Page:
The whole experience working with the Mozillians was beyond fruitful. Everyone on my team, especially my mentor were very helpful and welcoming. It was my first time working with such a huge company and such an important team. Hence, the biggest challenge for me was to practically not let anybody down. I was very pleasantly surprised when at All Hands, all my team members were coding in homerooms together, and each one of us had something to learn from the other, regardless of the hierarchy or position or experience! It was overwhelming yet motivating to see the quality of code, the cohesion in teamwork and the common goal to make the web safer.
Right from filing bugs, to writing patches, to seeing them pass the tests and not breaking the tree, the whole process of code correction, review, testing and submission was a great learning experience. Of course, seeing the error pages live in Nightly was the most satisfying feeling ever, and I am super grateful to Mozilla for the best summer of my life!”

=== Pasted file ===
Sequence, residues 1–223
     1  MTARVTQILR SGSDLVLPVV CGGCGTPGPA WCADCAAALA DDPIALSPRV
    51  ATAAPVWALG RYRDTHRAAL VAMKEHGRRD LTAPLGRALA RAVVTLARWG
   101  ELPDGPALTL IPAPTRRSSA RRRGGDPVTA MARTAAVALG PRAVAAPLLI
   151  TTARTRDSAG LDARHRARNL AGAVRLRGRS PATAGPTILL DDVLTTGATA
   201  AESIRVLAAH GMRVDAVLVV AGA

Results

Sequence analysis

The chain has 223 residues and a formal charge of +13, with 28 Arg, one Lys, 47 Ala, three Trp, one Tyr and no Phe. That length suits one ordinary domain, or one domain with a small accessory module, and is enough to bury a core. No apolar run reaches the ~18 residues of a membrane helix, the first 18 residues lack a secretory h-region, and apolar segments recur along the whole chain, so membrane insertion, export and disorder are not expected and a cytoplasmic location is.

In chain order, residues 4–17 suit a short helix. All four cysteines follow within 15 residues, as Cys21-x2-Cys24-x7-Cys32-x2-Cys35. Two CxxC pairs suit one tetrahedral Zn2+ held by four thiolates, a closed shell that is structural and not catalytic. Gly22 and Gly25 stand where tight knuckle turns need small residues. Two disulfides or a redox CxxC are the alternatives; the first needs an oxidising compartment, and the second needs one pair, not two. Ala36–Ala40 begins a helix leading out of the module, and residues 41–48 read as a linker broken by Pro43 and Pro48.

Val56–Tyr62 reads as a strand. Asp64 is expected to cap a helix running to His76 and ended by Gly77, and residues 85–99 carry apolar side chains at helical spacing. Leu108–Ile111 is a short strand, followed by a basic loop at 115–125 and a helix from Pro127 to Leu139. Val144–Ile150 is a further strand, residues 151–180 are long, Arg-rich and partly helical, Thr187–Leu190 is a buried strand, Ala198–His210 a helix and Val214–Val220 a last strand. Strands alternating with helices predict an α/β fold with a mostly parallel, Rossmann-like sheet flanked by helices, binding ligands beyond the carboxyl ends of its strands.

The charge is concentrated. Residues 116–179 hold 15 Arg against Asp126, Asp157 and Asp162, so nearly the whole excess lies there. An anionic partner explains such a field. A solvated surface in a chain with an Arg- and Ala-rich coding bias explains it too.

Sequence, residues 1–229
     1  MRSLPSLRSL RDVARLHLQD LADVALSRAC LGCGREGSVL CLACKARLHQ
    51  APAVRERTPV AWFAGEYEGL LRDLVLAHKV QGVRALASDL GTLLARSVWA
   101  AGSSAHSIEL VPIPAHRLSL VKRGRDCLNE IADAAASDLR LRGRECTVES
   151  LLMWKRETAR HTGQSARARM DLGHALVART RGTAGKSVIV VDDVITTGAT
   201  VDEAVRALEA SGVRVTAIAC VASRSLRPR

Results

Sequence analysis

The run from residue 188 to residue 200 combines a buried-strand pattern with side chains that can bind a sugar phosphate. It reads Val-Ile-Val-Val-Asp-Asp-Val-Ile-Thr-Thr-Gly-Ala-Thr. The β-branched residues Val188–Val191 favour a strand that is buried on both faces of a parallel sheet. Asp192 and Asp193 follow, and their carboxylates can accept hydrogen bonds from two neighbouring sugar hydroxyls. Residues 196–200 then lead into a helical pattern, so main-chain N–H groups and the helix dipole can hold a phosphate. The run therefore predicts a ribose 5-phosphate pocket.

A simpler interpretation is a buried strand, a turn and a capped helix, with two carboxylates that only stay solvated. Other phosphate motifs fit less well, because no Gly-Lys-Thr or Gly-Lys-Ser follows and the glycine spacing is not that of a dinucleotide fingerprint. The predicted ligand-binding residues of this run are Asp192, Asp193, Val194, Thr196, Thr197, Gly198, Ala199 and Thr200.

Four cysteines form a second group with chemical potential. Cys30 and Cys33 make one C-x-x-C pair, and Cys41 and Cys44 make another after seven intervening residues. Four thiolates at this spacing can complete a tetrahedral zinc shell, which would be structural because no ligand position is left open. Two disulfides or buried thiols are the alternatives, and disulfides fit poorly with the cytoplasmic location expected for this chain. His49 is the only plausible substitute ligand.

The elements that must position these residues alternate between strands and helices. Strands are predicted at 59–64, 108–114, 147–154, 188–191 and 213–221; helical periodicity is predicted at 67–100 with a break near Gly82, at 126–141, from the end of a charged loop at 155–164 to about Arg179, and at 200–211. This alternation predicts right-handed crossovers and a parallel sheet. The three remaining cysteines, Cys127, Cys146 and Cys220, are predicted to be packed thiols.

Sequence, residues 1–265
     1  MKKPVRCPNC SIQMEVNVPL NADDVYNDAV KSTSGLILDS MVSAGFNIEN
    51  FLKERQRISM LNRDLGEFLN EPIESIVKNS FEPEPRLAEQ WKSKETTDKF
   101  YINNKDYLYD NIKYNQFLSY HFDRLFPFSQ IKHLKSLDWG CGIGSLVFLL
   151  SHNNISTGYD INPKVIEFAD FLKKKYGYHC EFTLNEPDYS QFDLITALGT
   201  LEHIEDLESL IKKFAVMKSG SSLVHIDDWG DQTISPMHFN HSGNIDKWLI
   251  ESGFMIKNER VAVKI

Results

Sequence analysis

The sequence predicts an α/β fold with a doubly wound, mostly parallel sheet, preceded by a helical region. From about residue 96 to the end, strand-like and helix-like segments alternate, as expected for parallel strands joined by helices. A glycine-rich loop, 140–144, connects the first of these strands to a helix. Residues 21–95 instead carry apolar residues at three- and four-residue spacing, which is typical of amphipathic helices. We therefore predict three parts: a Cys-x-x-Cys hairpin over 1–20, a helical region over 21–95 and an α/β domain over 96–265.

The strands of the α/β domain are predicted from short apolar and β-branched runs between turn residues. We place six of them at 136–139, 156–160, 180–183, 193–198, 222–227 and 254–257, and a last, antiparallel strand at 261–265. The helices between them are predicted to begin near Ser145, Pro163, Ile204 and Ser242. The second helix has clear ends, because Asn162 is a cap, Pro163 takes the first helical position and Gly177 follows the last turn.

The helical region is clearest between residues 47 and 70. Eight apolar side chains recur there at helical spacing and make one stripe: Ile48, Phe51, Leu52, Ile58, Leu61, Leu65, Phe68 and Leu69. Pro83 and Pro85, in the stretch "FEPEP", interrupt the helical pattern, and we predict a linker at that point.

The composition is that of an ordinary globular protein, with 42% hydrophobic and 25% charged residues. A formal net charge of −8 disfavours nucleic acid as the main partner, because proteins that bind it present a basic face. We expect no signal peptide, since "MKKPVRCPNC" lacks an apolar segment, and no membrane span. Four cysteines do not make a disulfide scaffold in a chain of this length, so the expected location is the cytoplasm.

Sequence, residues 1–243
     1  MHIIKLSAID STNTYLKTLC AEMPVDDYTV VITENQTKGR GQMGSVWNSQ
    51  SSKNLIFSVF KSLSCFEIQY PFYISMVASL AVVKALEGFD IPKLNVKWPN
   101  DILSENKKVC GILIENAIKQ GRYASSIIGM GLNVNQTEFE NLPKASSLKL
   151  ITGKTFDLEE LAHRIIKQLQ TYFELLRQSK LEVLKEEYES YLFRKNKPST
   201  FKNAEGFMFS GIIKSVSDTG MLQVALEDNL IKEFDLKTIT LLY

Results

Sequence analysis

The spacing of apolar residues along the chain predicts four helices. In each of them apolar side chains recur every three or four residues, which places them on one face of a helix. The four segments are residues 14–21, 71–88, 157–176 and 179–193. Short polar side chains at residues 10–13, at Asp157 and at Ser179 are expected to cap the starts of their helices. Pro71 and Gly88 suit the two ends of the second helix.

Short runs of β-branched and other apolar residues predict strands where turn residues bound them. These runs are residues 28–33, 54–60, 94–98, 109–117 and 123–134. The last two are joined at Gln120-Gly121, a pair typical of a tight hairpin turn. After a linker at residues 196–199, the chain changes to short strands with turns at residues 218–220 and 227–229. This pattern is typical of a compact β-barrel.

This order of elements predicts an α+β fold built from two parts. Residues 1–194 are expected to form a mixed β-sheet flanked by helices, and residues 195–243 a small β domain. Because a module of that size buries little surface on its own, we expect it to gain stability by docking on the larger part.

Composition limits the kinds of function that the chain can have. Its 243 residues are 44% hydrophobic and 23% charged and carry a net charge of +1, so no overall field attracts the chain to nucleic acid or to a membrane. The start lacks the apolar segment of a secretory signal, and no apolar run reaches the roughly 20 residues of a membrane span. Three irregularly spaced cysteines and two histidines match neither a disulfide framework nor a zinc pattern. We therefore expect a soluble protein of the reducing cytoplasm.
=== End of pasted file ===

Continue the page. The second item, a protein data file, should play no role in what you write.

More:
Trisha’s project is currently enabled in Firefox Nightly and Beta and scheduled to be released to the general user population in Firefox 66.
Dark Theme Darkening by Dylan Stokes, Vivek Dhingra, Lian Zhengyi, Connor Masini, and Bogdan Pozderca
Michigan State University students Dylan Stokes, Vivek Dhingra, Lian Zhengyi, Connor Masini, and Bogdan Pozderca extended Firefox’s Theming API to allow for theme authors to style more parts of the browser UI as well as increase cross-browser compatibility with Google Chrome themes.